After a look at everything on display my first impression was that the visual art students at the Governor’s School for the Arts would do well in following what these instructors had to offer. All of the work I saw could actually sell in the Carolinas – which is not often the case when it comes to college or university professors. I liked all the work I saw, but beyond Yanko’s abstracts I focused in on the earthenware clay works by Elaine Quave and a series of photographs by Carlyn Tucker.

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Hercules Beetle, by Elaine Quave, 2012, earthenware clay

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Economic Indicator Series, by Carlyn Tucker, 2005-2011, digital color print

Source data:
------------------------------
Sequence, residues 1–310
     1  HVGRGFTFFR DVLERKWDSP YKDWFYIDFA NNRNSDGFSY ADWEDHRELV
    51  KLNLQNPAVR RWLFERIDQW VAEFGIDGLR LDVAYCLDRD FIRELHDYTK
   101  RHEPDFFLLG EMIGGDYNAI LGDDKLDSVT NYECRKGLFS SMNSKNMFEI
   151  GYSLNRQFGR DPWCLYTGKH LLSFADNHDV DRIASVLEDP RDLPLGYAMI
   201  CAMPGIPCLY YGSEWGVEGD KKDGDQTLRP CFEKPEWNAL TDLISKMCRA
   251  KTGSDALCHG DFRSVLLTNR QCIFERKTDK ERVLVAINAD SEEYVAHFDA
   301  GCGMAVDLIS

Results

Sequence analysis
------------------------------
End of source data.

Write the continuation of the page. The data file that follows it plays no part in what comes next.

Quave’s works were large platters mounted as wall hangings and Tucker’s photographs told a timelapse story on how well our economy has been doing since 2005. One set of photographs showed one small building in transition from openings to closings of five different businesses in a span of time from 2005 to 2011. It was very interesting – something probably only noticed by people who drive by the building on a daily basis or its landlord. Having been someone who has failed at business in the past, I felt the pain and loss in these images.

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(left) Vespa, by Ben Gilliam, 2010, alabaster, copper (right) Erosion Vessel, by Ben Gilliam, 2010, bronze, copper

We have an article about this exhibit on Page 14 of our February 2013 issue of Carolina Arts (www.carolinaarts.com). Go see this exhibit.